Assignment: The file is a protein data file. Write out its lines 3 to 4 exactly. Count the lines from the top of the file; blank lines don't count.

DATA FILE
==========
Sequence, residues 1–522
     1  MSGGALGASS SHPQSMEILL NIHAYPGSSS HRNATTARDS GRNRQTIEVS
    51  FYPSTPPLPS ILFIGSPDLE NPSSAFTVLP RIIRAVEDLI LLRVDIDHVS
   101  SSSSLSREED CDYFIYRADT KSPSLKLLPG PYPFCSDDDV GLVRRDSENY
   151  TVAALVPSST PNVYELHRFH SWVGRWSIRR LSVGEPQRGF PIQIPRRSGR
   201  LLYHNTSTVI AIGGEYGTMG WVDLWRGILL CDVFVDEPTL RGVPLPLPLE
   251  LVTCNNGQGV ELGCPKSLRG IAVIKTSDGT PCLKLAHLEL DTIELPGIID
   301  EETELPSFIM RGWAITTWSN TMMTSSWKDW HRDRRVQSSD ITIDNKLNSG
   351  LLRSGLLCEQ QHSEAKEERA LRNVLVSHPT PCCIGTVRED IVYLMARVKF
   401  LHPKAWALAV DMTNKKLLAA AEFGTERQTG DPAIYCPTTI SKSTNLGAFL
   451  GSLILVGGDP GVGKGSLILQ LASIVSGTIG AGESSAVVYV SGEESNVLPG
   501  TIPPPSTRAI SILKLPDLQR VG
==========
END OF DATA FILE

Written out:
    51  FYPSTPPLPS ILFIGSPDLE NPSSAFTVLP RIIRAVEDLI LLRVDIDHVS
   101  SSSSLSREED CDYFIYRADT KSPSLKLLPG PYPFCSDDDV GLVRRDSENY